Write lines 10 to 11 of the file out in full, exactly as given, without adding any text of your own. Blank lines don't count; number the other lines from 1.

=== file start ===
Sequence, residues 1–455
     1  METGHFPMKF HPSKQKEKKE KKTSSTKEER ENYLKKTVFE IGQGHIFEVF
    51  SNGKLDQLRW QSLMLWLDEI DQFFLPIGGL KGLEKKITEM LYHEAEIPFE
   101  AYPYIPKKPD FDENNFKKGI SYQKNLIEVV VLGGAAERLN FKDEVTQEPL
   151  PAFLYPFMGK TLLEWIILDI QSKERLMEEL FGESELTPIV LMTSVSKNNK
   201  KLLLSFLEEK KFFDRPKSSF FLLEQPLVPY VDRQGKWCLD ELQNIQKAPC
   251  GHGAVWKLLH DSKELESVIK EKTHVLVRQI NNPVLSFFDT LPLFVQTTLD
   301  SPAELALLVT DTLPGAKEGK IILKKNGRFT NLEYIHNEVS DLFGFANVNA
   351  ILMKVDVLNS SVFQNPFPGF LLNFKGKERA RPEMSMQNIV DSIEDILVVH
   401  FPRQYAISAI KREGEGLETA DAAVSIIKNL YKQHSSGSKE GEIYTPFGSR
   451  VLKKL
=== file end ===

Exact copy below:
   401  FPRQYAISAI KREGEGLETA DAAVSIIKNL YKQHSSGSKE GEIYTPFGSR
   451  VLKKL